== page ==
But the differences between individual countries are extremely high, Ivanova said.
“The countries with the highest consumption have about a 5.5 times higher environmental impact as the world average,” she said.
The United States is the overall worst performer when it comes to per capita greenhouse gas emissions, with a per capita carbon footprint of 18.6 tonnes CO2 equivalent, the unit used by researchers to express the sum of the impacts of different greenhouse gases, such as carbon dioxide, methane, nitrous oxide and sulphur hexafluoride.
The US was followed closely by Luxembourg, with 18.5 tonnes CO2 equivalent, and Australia, with 17.7 tonnes CO2 equivalent. For comparison, China’s per capita carbon footprint was just 1.8 tonnes CO2 equivalent. Norway, at 10.3 tonnes CO2 equivalent per capita, was three times the global average of 3.4 tonnes CO2 equivalent per capita.
The results for individual countries also reflect the effects of the electricity mix, or the fuel source that countries rely on for electric power. The prevalence of nuclear or hydroelectric power in countries such as Sweden, France, Japan and Norway means that these countries have lower carbon footprints than countries with similar incomes but with more fossil fuels in their energy mix.
For this reason, Ivanova says, a significant portion of household impacts from Sweden and France come from imports (65 and 51 per cent respectively), because the products that are imported are mostly produced with fossil fuels.
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An enormous database allows comparisons
The researchers relied on an extremely large and detailed database that NTNU developed in partnership with colleagues from the Netherlands, Austria, Germany, the Czech Republic and Denmark called EXIOBASE.
The database describes the world economy for 43 countries, five rest-of-the-world regions and 200 product sectors, which allows researchers to ask questions about how different products or countries affect the environment.
They were also able to ask how an average consumer in each of the countries or regions affects the environment as measured by greenhouse gas emissions (tonnes CO2 equivalent), water use (in cubic metres), land use (in 1000 square metres) and material use (in tonnes).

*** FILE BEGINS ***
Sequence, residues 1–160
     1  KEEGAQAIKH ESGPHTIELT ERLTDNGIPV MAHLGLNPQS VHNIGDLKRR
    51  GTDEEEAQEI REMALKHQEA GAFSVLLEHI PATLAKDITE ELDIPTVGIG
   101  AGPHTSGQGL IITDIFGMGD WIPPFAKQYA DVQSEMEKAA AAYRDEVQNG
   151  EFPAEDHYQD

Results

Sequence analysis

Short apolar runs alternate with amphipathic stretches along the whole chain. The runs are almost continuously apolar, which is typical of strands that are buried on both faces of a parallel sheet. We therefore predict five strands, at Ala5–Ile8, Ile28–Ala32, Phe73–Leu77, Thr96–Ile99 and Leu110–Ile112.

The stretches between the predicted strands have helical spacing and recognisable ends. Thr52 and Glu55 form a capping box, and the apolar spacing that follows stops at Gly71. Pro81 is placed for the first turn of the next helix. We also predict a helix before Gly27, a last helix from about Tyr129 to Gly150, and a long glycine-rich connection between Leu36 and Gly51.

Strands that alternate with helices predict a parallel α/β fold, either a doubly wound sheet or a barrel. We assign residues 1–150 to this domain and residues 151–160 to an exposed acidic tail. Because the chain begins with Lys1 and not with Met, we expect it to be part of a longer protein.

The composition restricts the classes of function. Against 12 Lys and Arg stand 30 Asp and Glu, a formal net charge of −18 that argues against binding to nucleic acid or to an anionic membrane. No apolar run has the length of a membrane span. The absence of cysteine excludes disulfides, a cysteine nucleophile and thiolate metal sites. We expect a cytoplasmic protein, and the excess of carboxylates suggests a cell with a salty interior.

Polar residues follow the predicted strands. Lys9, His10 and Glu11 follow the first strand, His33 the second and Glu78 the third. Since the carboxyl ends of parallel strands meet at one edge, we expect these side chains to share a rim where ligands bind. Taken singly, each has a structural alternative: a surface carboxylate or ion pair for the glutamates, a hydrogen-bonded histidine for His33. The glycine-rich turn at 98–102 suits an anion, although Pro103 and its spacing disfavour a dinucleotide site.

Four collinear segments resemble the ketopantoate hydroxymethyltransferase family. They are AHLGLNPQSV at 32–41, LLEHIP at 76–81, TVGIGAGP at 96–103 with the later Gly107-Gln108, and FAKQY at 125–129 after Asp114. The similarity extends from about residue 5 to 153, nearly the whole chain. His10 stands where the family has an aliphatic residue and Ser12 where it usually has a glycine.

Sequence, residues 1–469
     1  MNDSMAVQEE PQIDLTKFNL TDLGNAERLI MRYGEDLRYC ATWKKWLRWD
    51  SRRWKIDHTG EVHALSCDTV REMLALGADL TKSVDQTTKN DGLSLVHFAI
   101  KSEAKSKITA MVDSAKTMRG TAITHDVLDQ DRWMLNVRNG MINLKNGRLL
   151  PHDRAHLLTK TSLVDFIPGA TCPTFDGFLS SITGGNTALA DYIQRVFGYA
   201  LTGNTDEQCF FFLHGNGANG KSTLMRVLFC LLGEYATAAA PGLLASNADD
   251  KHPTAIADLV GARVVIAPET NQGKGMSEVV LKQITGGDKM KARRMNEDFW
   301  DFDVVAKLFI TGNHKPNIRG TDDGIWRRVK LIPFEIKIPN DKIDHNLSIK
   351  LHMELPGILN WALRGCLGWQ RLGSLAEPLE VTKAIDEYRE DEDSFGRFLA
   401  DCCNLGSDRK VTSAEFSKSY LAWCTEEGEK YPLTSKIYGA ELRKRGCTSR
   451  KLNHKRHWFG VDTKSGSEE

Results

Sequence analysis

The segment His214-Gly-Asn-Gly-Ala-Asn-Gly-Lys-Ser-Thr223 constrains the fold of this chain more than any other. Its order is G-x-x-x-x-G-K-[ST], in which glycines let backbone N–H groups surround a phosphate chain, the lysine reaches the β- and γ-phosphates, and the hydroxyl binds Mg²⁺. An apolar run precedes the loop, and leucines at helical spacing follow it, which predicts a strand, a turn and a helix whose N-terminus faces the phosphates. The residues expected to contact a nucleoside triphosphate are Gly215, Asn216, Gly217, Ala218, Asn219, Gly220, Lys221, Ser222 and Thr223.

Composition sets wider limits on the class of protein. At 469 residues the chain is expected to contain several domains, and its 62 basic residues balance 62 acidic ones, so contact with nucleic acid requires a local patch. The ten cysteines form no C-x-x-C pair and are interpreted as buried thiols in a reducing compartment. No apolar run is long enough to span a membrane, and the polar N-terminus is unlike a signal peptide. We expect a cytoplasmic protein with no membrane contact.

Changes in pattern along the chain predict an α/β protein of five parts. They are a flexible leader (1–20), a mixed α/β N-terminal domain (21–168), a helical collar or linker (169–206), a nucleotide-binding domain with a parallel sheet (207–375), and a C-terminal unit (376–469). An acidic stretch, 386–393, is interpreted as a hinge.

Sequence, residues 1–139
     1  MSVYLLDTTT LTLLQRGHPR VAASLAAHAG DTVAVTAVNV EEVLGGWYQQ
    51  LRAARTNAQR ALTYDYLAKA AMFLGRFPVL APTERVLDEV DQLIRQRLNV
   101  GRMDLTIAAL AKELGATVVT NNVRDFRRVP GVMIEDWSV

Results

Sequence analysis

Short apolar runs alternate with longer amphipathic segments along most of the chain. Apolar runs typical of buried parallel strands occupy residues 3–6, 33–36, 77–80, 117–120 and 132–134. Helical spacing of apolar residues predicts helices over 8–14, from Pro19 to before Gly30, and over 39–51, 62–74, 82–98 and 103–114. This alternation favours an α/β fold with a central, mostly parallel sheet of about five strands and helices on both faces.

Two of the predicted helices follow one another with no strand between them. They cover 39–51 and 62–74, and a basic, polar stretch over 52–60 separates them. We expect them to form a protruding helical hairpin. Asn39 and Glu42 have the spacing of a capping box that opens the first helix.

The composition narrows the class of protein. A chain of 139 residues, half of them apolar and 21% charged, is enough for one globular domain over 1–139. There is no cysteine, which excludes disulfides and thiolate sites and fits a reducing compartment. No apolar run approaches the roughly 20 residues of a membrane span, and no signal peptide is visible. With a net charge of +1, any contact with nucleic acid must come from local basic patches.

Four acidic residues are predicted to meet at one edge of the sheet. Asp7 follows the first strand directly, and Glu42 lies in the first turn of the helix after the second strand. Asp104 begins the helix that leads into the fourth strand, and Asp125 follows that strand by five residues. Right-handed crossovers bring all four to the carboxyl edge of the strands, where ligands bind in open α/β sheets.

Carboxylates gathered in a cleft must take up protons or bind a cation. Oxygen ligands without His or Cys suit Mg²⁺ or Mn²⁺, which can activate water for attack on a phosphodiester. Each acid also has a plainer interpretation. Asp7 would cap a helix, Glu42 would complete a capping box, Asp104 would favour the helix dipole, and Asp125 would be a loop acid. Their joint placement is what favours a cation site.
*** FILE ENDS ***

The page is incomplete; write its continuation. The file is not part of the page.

The 43 countries represent 89 per cent of the global gross domestic product and between 80-90 per cent of the trade flow in Europe, as measured by value.
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No surprises: take the bus, eat vegetarian or vegan
The advantage of identifying the effects of individual consumer choices on the different environmental measures is that it pinpoints where consumers in different countries can cut back on their impacts.
“Households have a relatively large degree of control over their consumption, but they often lack accurate and actionable information on how to improve their own environmental performance,” the researchers wrote in the journal article reporting their results.
Eventually, the goal is to be able to use this information to guide policy, Ivanova said. The effort is a part of the GLAMURS project, an EU-funded effort designed to promote greener lifestyles and environmentally responsible consumption in Europe.
In the meantime, two easy ways to cut your environmental impact are to stop eating meat, and cut back on your purchases, she said.
Currently, EU consumers spend 13% of their total household budget on manufactured products. If the average EU consumer switches away from spending money on these manufactured products to paying for services instead, this would cut close to 12 per cent of the EU’s current household carbon footprint, Ivanova said.
“Any activity where we have a choice of buying a product or using a service, the service will have much less impact,” she said.
Diana Ivanova, Konstantin Stadler, Kjartan Steen-Olsen, Richard Wood, Gibran Vita, Arnold Tukker and Edgar G. Hertwich. 2015. Environmental Impact Assessment of Household Consumption. Journal of Industrial Ecology. DOI: 10.1111/jiec.12371